Getting To Know Groove Merchant Records

If you’ve ever gone shopping for music in the Lower Haight, you’ve probably stopped by Groove Merchant Records. The tiny shop on Haight and Pierce streets has been a destination for DJs, record collectors and music aficionados for more than 25 years.

Groove Merchant opened inside fellow Haight record shop Rooky Ricardo’s in 1989. At the time, it was a highly specialized collector shop, carrying only soul, jazz and rare groove records. A few years later, it got its own space—first at Haight and Scott, then at its current location at 687 Haight St. 

When it first started out, Groove Merchant earned most of its business from local rappers looking for records to sample. The shop was even frequented by the Beastie Boys, who referenced it in their 1992 song "Professor Booty." (Here's a video of the group browsing Groove Merchant in the early '90s.)

As the Lower Haight became a hub for record-seekers, Groove Merchant started getting all sorts of people inside its doors. Twenty years later, the clientele hasn’t changed much.

“We get kids, guys in their seventies looking for jazz, low-rider Chicano dudes who want oldies-soul, the gay community wanting rare disco,” said owner Chris Veltri. “A lot of customers don’t know what they’re looking for, so I try to introduce people to new records—kids especially.”

Originally from Los Angeles, Veltri moved to San Francisco in 1994 and started working at Groove Merchant when he was 23. “I’d never been in a record store like it,” he said. “There were so many rare records.”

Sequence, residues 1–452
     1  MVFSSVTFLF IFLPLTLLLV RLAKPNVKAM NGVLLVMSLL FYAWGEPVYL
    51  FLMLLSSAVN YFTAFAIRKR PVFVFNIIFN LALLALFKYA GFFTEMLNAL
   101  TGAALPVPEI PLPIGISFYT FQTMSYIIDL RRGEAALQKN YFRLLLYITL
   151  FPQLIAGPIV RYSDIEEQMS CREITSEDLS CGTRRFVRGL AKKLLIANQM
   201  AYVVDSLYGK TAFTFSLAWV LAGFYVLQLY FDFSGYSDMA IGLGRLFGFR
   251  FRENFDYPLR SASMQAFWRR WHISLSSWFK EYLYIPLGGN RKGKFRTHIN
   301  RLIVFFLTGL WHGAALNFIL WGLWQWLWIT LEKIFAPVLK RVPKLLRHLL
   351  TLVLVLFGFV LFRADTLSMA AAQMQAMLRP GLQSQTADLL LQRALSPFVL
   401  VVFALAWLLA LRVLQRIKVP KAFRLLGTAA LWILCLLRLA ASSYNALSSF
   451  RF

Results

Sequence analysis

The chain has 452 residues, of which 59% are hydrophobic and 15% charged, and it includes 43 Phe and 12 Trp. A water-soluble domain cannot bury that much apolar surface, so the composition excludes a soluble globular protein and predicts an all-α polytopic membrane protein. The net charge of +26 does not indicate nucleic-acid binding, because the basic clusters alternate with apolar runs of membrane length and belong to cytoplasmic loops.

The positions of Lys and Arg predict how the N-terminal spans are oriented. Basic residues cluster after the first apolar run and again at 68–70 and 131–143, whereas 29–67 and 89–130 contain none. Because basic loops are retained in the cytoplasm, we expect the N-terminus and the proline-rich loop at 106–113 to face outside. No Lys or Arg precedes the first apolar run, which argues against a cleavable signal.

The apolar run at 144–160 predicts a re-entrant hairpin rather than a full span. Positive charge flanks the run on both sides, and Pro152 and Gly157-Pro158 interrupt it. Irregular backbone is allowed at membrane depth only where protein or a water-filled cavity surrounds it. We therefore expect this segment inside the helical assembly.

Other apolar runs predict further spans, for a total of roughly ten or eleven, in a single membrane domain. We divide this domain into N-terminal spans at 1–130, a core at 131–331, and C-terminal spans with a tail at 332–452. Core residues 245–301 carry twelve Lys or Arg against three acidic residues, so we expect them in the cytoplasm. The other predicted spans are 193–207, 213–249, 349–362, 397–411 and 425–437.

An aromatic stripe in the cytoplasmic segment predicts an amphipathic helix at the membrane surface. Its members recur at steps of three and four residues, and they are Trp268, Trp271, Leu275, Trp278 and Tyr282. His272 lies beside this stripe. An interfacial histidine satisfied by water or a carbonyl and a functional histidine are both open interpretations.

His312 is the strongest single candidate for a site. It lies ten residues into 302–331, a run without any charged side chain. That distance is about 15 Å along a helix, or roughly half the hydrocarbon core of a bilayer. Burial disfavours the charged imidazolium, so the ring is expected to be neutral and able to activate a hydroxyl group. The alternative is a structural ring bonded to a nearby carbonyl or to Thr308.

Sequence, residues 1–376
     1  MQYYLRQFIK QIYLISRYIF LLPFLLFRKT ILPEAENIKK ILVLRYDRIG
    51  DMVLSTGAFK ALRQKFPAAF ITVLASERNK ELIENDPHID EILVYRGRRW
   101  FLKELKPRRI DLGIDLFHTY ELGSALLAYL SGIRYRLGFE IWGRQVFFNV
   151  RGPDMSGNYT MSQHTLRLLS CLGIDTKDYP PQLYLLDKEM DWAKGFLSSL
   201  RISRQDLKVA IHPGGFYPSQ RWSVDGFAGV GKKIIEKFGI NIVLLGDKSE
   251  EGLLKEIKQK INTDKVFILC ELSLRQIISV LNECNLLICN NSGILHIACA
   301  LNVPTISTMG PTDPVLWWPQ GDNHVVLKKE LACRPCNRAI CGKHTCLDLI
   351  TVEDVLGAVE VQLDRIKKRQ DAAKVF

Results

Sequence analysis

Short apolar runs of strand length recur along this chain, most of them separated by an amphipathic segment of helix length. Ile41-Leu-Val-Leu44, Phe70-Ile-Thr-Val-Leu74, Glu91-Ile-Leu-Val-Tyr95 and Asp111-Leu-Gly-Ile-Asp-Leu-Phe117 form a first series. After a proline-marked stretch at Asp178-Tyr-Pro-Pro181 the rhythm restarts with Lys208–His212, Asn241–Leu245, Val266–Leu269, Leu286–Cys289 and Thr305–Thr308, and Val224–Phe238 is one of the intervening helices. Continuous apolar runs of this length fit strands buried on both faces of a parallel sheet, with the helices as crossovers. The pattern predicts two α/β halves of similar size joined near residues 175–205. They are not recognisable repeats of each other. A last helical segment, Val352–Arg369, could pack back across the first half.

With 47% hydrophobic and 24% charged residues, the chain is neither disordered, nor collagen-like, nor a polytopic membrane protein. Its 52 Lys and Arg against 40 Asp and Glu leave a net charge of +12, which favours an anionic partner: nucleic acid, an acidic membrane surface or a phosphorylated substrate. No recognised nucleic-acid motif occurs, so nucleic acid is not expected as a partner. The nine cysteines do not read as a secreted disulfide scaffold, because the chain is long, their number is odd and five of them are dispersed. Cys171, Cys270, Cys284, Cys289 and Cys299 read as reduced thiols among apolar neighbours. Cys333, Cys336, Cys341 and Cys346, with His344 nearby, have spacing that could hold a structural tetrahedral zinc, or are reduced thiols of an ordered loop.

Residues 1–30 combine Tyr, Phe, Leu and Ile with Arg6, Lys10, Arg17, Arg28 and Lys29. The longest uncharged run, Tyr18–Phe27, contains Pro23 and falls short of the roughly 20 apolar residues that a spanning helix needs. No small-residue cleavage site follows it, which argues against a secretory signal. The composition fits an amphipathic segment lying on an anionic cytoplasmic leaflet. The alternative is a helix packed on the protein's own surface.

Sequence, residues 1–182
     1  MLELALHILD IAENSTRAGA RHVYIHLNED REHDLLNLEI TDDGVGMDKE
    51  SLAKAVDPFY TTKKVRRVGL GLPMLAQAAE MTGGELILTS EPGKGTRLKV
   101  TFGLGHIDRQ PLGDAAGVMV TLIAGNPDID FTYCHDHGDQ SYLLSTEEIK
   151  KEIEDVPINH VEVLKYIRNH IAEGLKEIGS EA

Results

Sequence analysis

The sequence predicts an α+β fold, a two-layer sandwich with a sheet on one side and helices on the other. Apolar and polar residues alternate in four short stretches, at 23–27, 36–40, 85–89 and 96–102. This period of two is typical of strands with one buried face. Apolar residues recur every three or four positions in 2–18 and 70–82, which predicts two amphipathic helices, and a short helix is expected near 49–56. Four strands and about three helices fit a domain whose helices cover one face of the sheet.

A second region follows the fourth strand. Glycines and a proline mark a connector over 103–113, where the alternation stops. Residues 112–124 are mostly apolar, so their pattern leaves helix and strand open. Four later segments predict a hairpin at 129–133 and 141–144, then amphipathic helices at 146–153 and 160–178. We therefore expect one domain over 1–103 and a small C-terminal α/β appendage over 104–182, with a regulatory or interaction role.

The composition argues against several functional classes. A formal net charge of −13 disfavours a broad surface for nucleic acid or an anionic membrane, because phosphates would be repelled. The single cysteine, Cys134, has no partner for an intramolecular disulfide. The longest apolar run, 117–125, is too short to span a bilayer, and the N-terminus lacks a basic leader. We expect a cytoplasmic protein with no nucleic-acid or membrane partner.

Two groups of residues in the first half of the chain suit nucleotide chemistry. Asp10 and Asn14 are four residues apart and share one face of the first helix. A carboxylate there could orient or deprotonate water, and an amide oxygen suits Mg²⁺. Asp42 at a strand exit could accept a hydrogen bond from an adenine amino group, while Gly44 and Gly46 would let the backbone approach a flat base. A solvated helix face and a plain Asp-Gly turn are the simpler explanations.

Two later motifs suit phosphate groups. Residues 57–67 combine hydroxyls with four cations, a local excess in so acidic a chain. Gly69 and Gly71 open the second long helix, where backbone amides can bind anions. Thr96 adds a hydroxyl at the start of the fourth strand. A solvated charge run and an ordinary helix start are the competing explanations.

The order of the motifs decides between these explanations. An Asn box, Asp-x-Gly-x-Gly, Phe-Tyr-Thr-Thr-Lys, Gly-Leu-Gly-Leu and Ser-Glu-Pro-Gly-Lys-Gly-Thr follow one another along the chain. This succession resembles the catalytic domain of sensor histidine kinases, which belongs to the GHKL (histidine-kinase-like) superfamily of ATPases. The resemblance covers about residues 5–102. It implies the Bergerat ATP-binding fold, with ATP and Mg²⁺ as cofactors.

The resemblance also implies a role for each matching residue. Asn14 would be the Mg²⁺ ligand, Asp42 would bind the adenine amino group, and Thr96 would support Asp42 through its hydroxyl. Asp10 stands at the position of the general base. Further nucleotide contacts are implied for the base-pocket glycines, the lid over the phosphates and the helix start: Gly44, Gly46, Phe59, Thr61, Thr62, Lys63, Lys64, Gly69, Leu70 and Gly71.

He bought the shop a few years later, and has tried to keep it the same as when he started. “I want to keep it a community store," he said. Almost all of Groove Merchant’s records are used and sell for around $20, though the staff frequently sells dollar records and also keeps an “under $5” row. 

A rare talent show record, on sale for $1,000. 

Most of Groove Merchant’s staff spin tracks at local venues. You might recognize Vinnie Esparza (DJ Vinnie), Josh B (DJ B-Cause), Mophono or Jon Blunck, who created The Knockout’s popular Sunday-night party, Sweaterfunk. The staff unites every three months for a “Groove Merchant Party” at Madrone, where they play a mix of every genre in the store (funk, soul, disco, rock & roll, blues and Latin). 


Despite a rapidly changing city, the Lower Haight remains a bastion of old-school record stores, with shops like Groove Merchant, Rooky Ricardo's, Vinyl Dreams and Jack's Record Cellar all contained within the neighborhood's small footprint. And that's a good thing, says Veltri, noting that the importance of record stores today goes beyond just music retail. "With the city changing and young people becoming more connected to technology, it’s important to have a record store as a community space—like a bar or a coffee shop.”

Groove Merchant at 687 Haight St. is open daily from noon-7pm. 

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